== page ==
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Public Comment



Information contributed by: Karen Vale (@karenv), Susie Cambria, Scott Eustis (@eustatic), Mathew Lippincott (@mathew), Brian Butler.

Welcome to the Public Comment resource page!

This page was compiled by many different people who participate in the Public Comment process. Be sure to edit the page and add anything we might have missed! On this page you will find:

Be sure to check out the August 1st, 2016 OpenHour on Public Comment as well!

About Public Comment:

What is Public Comment?

Public commenting is a process that allows individuals, organizations, agencies, and businesses to provide input on proposed environmental decisions. (From the Environmental Law Institute Ocean Program)

Public comments are important for a variety of reasons. When it comes to environmental decisions, a good aim is to get as many people to submit comments as possible. Often the “other side” (ie: big industries) will comment asking for rules to be more lax -- the specific ask totally depends on what the issue is. The point of getting a lot of people involved and submitting comments is to balance out the “other side” requests -- if more people ask an agency for better protections, then it gives them the support they need to make decisions that will better protect environmental resources.

How do I submit a Public Comment on an issue?

It is important to note that different states have different processes and standards for submitting comments. Public Comments can often be made in an oral or written format. You can do both. Depending on the agency and the hearing type, sometimes what is said at a public hearing is not on the record so be careful of this. Always inquire if the statements are on the record and submit a written comment to be sure.

See the draft outline section for more information on written and oral comments.

How long do comment periods normally stay open?

This depends, typically 30-60 days, but sometimes longer. The public can request that the agency extend the comment period. Normally this request has more weight coming from a big organization or elected officials. If you request an extension, you need to express a good reason and support your request with information supporting your argument on why it should be extended.

Note from experience, Karen Vale of Cape Cod Bay Watch: We recently decided to not ask for an extension because, after weighing options, it seemed more beneficial to not delay the process any further. So strategize and ask what the benefit would be for an extension. If you want more time to rally troops to submit comments, need more time to research and read the documents, then go for it.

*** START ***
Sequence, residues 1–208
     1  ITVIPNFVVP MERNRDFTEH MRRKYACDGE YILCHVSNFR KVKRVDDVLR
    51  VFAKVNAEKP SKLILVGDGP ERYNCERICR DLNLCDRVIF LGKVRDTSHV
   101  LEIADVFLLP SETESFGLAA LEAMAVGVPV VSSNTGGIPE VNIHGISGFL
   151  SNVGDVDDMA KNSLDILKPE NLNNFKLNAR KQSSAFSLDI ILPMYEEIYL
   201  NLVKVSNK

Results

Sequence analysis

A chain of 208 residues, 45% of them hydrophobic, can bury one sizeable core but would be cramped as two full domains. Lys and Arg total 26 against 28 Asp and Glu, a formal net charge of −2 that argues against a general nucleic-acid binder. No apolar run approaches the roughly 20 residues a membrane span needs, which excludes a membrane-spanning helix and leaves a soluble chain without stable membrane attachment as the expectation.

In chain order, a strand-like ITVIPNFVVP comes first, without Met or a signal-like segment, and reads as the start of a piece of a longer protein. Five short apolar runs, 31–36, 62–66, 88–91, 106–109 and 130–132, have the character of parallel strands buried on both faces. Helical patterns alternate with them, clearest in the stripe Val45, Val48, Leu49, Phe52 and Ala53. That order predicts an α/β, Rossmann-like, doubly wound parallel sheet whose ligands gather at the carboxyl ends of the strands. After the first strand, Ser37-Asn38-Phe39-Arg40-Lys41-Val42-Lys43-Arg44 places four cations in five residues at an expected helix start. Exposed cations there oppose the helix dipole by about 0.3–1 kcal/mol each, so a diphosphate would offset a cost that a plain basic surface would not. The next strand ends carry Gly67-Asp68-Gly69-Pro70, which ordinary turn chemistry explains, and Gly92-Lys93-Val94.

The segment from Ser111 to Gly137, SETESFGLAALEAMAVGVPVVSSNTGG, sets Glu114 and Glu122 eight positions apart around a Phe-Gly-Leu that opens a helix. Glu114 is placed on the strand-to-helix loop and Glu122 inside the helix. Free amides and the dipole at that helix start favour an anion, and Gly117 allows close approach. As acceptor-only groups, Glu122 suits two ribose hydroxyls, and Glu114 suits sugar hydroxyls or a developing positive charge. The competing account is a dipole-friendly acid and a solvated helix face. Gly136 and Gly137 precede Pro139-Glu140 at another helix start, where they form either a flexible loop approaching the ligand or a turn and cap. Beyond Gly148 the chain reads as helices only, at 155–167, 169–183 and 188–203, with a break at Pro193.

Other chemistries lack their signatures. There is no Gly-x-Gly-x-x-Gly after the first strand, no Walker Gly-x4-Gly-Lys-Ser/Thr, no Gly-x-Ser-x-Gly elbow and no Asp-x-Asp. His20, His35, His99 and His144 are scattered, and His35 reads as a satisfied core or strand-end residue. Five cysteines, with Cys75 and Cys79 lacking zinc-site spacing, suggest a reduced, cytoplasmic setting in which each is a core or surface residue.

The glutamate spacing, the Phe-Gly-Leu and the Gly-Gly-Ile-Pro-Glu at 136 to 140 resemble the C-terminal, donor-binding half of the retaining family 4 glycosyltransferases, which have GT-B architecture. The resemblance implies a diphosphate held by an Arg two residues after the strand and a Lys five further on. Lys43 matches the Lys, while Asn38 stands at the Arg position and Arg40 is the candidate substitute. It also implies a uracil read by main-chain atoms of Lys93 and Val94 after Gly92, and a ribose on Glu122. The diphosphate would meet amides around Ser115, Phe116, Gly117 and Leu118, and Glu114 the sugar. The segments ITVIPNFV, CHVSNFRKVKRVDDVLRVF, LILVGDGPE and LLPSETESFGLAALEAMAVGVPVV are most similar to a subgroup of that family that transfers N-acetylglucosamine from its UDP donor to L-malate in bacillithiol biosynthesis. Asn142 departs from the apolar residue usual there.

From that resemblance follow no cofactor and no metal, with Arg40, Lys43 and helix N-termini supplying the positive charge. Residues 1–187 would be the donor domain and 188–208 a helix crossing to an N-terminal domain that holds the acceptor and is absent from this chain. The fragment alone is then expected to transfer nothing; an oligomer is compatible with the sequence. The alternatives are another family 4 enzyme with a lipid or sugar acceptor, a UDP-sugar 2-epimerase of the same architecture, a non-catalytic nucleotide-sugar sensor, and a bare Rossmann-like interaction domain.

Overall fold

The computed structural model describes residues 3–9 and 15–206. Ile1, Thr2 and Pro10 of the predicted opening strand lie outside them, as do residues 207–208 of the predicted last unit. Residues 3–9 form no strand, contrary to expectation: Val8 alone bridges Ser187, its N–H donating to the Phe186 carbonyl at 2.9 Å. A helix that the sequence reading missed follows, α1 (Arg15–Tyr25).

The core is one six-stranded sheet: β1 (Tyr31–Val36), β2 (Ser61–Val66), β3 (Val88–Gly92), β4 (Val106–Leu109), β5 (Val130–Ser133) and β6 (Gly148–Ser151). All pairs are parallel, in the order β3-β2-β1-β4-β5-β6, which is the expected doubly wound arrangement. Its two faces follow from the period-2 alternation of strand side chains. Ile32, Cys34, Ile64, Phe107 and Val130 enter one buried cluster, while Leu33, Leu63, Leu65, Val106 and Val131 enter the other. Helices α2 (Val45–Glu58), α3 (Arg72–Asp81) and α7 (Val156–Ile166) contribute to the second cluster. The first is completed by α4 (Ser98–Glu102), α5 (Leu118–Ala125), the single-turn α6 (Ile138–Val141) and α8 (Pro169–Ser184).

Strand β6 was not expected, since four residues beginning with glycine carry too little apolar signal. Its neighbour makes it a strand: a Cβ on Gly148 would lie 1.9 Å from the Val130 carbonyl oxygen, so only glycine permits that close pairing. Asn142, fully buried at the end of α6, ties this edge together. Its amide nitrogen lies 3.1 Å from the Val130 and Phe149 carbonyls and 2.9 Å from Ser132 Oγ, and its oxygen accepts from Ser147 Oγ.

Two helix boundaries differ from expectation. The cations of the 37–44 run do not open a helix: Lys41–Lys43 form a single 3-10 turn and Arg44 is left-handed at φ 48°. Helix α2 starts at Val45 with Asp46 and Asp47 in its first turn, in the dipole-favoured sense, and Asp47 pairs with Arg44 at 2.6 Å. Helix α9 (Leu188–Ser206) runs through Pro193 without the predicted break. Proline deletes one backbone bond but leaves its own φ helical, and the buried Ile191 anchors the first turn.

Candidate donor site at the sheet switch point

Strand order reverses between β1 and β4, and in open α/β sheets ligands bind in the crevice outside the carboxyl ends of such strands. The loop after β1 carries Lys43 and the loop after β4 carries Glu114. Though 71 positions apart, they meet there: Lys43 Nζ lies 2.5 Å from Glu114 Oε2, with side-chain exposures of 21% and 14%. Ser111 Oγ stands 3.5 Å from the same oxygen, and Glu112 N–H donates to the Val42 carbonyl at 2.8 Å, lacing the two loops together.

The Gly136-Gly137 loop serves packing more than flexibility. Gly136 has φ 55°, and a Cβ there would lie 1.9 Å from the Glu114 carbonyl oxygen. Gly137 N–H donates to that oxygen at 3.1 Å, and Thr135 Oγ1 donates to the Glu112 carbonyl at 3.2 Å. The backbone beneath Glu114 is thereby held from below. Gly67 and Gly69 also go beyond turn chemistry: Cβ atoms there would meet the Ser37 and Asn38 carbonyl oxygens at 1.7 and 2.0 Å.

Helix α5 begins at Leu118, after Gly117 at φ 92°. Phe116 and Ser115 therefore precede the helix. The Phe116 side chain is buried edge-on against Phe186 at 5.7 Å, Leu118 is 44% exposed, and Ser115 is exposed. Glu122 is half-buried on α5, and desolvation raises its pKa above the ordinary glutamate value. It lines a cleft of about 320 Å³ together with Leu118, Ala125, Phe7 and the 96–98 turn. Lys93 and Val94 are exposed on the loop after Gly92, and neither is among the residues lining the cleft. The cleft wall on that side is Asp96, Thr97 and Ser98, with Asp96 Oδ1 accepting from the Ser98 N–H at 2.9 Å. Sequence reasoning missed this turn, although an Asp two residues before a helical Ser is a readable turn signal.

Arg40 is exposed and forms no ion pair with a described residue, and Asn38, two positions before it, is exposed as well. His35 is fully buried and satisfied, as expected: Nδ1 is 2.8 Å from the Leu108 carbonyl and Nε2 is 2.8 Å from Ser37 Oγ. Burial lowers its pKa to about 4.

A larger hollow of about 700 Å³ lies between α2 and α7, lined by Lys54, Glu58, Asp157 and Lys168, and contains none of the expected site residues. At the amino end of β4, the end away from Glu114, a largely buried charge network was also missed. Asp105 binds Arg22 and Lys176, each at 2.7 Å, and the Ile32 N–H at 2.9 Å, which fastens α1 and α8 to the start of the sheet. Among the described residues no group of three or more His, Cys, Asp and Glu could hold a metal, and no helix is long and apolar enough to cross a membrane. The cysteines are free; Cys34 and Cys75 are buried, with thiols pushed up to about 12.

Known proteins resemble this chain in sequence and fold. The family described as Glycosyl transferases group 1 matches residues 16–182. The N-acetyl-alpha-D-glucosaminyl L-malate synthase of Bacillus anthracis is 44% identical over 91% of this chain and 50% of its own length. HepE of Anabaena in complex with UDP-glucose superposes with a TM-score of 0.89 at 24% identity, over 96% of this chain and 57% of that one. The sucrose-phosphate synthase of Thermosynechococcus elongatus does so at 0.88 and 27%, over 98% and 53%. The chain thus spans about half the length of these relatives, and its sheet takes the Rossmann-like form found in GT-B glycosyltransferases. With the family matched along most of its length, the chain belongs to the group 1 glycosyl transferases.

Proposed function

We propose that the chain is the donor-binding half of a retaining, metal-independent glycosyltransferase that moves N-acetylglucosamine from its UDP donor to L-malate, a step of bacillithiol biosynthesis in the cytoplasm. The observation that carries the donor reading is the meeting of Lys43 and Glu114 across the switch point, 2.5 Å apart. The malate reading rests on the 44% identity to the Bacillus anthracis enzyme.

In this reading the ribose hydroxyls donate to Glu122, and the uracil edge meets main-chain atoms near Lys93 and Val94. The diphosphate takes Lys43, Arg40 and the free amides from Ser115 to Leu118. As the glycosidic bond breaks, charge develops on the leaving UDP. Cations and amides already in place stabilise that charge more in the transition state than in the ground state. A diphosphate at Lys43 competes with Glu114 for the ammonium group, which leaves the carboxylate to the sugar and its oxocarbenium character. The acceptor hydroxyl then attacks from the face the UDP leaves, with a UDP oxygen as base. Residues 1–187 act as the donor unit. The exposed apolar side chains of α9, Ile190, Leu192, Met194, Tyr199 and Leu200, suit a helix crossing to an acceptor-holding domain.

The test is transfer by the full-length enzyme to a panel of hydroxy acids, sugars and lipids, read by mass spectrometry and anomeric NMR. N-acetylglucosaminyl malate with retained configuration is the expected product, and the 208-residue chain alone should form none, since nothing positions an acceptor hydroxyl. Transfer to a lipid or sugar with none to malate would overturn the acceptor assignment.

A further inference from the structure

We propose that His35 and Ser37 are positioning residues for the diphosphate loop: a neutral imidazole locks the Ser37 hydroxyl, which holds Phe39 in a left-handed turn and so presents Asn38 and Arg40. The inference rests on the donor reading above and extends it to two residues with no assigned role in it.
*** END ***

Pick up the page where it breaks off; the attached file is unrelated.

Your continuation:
How are Public Comment periods publicized, and where do you find out about them?

Sometimes the easiest way to follow comment periods is by subscribing to email alerts from advocacy organizations working on issues you care about -- groups often sent out “action alerts” asking supporters to submit comments (often they will draft a blurb for you that you can copy and paste or change how you see fit). If you really want to submit the best comment, don’t use groups’ generic comments. Draft/submit your own. It can be strategic to keep the same “asks” or add in your own on top of the group asks.

Tips on Public Comment:

If there is an opportunity, is written or oral public comment better?

You can do both!

Hearings and verbal testimony: Verbal testimony is helpful. This is a forum that has agencies show up to the table and face the public, increasing accountability and public awareness of the issue. “Your written testimony may be any length. If long, prepare a shorter version to deliver at the hearing or roundtable. Practice and time it to make sure you are within the time limit.” Environmental Law Institute Ocean Program

Sometimes hearings are not automatic, and you might need to make a request for it. This is often the case with non-rulemaking issues. Check what the rules are and read the draft rules, permits, whatever you are commenting on, often there is a section about commenting or hearings. When in doubt, use the contact listed on the documents to ask. If you make a hearing request, include information to support your request, and ask others to make same request. Often it is helpful to ask your elected officials to make the request as well.

Should I submit a comment on my own, or with other people?

With others is better than nothing, but individual comments are best. Agencies collect all comments - and sort them into major points in categories. If 100 individual people as for something or make the same point, the agency is more apt to make the change or consider the comment. If 100 people sign on to one letter, sometimes that is seen as one comment.

Is there an outline I should follow? Or specific things I should include?

There isn’t really an outline. Comments can be in letter form, in bullets, a couple sentences, or a 30 page document. Make sure to address any questions the agency has specifically asked in the proposed rule, or whatever you are commenting on. Always include the document number in the header and follow any directions in the proposed rule, draft permit, etc.

See tips and examples of Public Comments see the Resources and Outlines section below.

What can make my comment more compelling?

Be sure to support your point with data or other valid information. Many times your personal connection to the issue is also really important in comments, but it’s best to back your feelings on the issue up with information.

“If there is a quote, statement, or piece of data that is particularly compelling, consider making it into a poster (dry-mounted) and displaying it at the hearing.” Environmental Law Institute Ocean Program)

Note from experience, Susie Cambria, Public policy consultant: Sometimes it’s hard to get people to pay attention to your issue or concern, you can try to jazz it up. Once I wrote a fairy tail to go along with my public comment that included information to support my argument. That got their attention as well as other media outlets which brought more eyes to the issue. (paraphrased)

How big should my ‘ask’ be on a Public Comment? IE: should I shoot for the stars in what I want, or try to meet people where they are?

Shoot for the stars, but be sure to include reasonable requests as well.

Note from experience, Scott Eustis of Gulf Restoration Network: In thinking about the asks you are making in your public comment, be specific, and know where the pressure points are in what you’re looking to address. You shouldn’t not be afraid to “shoot for this stars” in what you want, but be sure to identify specific concerns and ways those asks or concerns could be addressed. You want to make it possible for people to address them. (paraphrased)

If I have alternative recommendations, should I include them?

Yes. You can just state that X hasn’t been considered, it should have, and here’s why….